Distinguished Lecture Series with Michael Cassidy, Ph.D.
Speaker(s): Michael Cassidy, Ph.D., Robert Horonjeff and Chancellor’s Professor of Civil & Environmental Engineering — University of California, Berkeley
Presentation Title: Using Traffic Signals to Decongest Cities May Be Simpler Than We Thought
Date/Time: Thursday, September 29th | 1:30 PM ET
Professional Development Hours (PDH): 1*
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Abstract: This presentation focuses on two well-known means of re-timing ordinary traffic signals to mitigate city-street traffic congestion. The first entails synchronizing green times on 4-way (i.e., all-directional) street grids. The second involves re-timing the signals that reside along cordon lines, to meter vehicle inflows during the morning rush. We show that, in both cases, simple strategies can perform remarkably well. The lecture will offer next steps toward real-world implementation.
To synchronize green times, Professor Cassidy’s team use common phase durations for all signals on a grid, rather than optimize each signal’s timing plan to suit local conditions. This simple idea enables them to exploit features of perfectly orthogonal grids to synchronize all signals on the grid in two orthogonal (e.g., northbound, and westbound) travel directions. As a result, drivers headed toward clustered workplaces in the morning rush, and away from those workplaces in the evening, can enjoy exceptionally good signal progression over their entire trips, even when their paths entail two directions. One synchronization mode is used for undersaturated conditions when queues dissipate during green times; another is used when conditions become oversaturated with long residual queues; and the team’s strategy toggles promptly between these two synchronization modes, as measurable conditions on the grid change over time. Simulations of numerous scenarios indicate that our simple, adaptive strategy dramatically outperforms other synchronization schemes, including complicated ones and those viewed as gold standards. Importantly, the presentation also shows that their strategy can be easily modified to perform well on irregular, real-world street grids.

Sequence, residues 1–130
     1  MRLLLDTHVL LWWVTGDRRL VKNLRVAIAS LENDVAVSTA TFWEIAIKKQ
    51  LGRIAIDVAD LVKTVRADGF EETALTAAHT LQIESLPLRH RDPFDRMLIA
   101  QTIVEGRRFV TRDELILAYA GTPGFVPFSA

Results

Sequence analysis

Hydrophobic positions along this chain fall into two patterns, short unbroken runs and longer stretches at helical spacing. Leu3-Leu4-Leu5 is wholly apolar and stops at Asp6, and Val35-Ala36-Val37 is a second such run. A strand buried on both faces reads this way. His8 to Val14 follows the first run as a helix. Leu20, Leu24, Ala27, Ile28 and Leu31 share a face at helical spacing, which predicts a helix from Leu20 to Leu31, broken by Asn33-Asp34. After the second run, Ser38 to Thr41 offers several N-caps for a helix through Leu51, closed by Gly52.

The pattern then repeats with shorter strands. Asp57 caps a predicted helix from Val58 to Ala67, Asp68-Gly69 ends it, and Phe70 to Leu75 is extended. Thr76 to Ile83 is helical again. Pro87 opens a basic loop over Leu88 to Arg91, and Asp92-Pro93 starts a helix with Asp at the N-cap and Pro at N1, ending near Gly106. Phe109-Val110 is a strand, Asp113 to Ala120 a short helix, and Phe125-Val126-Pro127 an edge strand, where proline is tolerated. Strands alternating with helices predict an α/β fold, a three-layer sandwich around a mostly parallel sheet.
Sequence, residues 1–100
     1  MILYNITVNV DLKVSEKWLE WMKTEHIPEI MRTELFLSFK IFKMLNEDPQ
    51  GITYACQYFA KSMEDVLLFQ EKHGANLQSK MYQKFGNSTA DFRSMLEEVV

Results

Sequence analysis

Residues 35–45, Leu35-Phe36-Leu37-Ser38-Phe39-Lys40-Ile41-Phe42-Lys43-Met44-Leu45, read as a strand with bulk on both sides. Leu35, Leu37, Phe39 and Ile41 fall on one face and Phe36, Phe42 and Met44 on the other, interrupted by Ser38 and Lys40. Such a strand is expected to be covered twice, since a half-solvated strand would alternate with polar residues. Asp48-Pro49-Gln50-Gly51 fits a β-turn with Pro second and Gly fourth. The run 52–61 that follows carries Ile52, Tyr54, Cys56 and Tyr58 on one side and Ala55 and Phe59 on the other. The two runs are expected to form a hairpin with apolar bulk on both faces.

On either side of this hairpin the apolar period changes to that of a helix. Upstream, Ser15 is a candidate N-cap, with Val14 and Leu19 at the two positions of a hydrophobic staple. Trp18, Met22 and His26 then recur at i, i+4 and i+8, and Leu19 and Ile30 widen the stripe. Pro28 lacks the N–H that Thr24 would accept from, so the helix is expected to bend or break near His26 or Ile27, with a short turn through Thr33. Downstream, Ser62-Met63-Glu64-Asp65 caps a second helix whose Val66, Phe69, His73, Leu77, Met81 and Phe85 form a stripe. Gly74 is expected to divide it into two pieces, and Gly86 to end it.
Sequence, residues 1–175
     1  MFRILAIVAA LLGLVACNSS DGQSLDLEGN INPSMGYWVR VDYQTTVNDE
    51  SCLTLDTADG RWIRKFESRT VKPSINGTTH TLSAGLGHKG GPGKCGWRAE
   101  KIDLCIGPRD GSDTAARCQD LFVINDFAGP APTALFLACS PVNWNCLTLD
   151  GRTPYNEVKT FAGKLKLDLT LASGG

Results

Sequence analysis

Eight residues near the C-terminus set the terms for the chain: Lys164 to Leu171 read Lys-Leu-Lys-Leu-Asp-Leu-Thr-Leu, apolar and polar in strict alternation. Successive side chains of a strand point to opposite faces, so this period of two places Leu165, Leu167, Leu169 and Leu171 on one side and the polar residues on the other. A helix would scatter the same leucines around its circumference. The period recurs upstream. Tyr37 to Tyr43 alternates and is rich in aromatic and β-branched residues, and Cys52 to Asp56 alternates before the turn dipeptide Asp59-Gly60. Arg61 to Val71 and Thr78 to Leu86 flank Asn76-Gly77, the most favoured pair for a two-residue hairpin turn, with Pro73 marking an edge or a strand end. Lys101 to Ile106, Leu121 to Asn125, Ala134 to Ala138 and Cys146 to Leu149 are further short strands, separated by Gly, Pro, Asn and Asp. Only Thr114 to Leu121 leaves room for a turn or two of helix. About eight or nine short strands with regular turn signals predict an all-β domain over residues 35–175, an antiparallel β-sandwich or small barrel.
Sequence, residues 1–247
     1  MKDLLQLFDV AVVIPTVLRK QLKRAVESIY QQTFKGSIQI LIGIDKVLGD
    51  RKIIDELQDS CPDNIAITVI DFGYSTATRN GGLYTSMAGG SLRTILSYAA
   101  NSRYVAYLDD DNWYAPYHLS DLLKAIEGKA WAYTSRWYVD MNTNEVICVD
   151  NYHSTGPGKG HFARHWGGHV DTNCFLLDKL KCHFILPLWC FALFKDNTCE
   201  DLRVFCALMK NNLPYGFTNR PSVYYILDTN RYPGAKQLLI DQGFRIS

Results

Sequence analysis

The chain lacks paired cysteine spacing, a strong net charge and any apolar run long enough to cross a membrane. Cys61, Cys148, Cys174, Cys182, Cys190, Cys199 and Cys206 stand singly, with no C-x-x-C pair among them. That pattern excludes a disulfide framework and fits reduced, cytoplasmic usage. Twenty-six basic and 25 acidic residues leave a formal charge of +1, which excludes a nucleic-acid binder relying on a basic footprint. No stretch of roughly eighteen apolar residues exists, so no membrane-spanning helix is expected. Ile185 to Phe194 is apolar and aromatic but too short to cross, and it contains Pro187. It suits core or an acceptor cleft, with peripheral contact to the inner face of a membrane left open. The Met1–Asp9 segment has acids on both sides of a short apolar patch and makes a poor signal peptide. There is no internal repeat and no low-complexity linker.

As regards cordon metering, they fill a gaping hole in the literature by providing logical and easy-to-follow rules on how exactly to place cordons around clustered workplaces. Simulations show that the simple rules hold for varying congestion levels and regional configurations, and that following the rules can be impactful, especially when cities become severely congested.
Michael Cassidy is the Robert Horonjeff Professor and Chancellor’s Professor of Civil and Environmental Engineering at the University of California, Berkeley. He received a doctorate in Civil Engineering (majoring in Transportation Engineering) from Berkeley; served for nearly 4 years as an Assistant Professor in the School of Civil Engineering at Purdue University in West Lafayette, Indiana; and joined the Berkeley faculty in 1994. He is currently an associate editor of the journal Transportation Research Part B. He is a member of the International Advisory Committee for the International Symposium on Transportation and Traffic Theory; a former Director of the University Transportation Center for federal region 9; and a Vice Chair in Berkeley’s Civil and Environmental Engineering Department. His research interests focus on transportation planning and management, particularly in the areas of highway traffic, public mass transit, and multi-modal systems.